Sunday, December 30, 2007

Tripartisan Group to Meet, May Back Independent WH Bid

David Broder has a report in today's Washington Post that quickened my pulse and warmed my heart this morning. He reveals that a bipartisan group of Republicans and Democrats, along with Independent New York mayor Mike Bloomberg, will meet in Oklahoma next week (7 January) to challenge the major party contenders to create a "government of national unity." Participants, Broder says, are ready to state that "if the likely nominees of the two parties do not pledge to 'go beyond tokenism' in building an administration that seeks national consensus, they will be prepared to back Bloomberg or someone else in a third-party campaign for president."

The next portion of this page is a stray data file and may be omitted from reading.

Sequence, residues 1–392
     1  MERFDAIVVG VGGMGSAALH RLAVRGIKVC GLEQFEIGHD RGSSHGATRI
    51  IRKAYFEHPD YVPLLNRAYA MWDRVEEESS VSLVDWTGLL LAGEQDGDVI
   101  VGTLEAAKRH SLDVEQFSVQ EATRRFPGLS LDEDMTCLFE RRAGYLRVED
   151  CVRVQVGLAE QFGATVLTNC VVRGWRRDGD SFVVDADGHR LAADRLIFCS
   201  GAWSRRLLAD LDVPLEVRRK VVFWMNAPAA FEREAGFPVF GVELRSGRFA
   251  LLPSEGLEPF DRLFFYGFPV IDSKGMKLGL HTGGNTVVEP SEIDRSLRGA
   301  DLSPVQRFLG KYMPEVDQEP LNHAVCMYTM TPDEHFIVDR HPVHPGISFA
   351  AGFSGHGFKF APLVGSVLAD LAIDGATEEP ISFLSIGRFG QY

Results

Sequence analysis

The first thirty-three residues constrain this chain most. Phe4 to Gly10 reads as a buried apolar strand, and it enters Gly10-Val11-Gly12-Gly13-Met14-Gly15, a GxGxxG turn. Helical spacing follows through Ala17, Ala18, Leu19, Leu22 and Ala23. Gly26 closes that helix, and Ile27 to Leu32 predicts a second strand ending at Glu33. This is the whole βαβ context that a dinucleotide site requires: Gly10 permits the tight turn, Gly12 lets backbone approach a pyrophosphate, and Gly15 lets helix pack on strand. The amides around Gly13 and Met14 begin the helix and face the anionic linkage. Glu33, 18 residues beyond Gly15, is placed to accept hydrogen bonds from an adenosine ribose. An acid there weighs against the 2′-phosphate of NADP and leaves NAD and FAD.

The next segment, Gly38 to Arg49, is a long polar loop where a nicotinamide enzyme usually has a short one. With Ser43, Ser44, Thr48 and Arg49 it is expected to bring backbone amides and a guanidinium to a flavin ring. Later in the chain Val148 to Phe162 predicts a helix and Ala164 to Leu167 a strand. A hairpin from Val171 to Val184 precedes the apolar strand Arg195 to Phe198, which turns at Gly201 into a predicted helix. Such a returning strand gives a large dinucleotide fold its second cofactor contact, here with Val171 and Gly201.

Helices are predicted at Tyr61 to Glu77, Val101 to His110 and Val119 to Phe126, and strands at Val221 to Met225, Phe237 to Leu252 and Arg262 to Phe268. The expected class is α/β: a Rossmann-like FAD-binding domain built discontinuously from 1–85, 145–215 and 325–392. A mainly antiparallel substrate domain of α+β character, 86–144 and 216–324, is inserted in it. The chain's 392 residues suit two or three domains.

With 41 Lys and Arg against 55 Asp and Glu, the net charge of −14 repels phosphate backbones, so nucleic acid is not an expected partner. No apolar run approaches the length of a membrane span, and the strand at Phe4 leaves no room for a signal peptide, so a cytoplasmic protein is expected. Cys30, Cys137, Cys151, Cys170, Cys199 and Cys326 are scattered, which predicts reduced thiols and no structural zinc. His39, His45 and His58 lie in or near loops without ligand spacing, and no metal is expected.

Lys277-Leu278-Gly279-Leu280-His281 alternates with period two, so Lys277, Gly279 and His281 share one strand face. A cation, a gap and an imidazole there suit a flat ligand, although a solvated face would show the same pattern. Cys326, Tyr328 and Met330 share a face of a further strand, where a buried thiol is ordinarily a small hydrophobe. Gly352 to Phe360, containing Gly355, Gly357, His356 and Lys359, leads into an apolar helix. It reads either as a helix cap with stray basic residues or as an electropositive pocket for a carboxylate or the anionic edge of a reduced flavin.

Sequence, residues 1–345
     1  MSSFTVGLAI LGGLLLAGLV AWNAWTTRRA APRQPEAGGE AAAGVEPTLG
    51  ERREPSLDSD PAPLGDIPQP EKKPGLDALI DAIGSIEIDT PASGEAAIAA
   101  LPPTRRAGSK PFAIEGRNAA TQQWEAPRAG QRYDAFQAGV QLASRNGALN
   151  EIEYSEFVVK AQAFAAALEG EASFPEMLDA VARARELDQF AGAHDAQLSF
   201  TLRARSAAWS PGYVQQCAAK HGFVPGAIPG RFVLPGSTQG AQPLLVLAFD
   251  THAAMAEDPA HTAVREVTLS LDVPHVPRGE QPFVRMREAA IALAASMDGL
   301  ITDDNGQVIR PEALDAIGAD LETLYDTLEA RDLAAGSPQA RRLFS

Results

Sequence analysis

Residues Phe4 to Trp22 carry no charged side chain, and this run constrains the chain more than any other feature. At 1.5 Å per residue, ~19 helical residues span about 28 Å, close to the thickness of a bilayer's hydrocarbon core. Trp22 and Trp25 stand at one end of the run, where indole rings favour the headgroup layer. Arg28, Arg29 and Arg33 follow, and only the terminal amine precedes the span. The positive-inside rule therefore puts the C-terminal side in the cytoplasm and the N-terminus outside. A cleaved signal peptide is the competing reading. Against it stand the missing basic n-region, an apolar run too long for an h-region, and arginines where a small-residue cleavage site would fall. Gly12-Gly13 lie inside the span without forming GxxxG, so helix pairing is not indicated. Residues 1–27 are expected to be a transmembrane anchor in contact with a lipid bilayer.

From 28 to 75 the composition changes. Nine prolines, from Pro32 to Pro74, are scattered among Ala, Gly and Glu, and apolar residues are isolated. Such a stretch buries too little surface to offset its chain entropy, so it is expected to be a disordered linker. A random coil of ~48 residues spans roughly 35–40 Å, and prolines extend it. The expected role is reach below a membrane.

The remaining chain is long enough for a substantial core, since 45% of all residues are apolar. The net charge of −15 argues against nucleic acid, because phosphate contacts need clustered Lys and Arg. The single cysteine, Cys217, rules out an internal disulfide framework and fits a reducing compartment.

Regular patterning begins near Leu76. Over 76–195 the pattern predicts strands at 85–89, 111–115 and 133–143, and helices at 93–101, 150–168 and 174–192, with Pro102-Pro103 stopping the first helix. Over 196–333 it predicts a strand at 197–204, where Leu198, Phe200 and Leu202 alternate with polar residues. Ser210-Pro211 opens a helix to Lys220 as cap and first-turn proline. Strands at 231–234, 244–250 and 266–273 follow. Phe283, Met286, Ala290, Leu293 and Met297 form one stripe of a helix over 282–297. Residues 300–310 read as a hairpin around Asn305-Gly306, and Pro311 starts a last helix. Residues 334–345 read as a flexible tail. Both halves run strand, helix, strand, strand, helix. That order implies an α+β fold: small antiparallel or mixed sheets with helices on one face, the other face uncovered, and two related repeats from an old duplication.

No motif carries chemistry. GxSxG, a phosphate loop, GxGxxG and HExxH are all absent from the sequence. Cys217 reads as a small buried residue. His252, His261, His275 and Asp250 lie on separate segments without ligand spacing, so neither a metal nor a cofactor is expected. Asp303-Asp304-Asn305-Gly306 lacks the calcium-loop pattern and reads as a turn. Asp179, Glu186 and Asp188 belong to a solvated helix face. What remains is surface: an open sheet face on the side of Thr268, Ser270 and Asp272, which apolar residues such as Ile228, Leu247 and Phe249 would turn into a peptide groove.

Those Democrats involved with the meeting, according to Broder, are former OK Senator David Boren (the host), former Virginia Senator Chuck Robb, former Georgia senator Sam Nunn, and former Colorado senator Gary Hart. Major Republicans include former Missouri senator John Danforth, former New Jersey governor Christie Todd Whitman, former party chairman Bill Brock, and Nebraska senator Chuck Hagel. "Others who have indicated that they plan to attend the one-day session include William S. Cohen, a former Republican senator from Maine and defense secretary in the Clinton administration; Alan Dixon, a former Democratic senator from Illinois; Bob Graham, a former Democratic senator from Florida; Jim Leach, a former Republican congressman from Iowa; Susan Eisenhower, a political consultant and granddaughter of former president Dwight D. Eisenhower; David Abshire, president of the Center for the Study of the Presidency; and Edward Perkins, a former U.S. ambassador to the United Nations."

This is no joke, and that list reads like a centrist's dream team.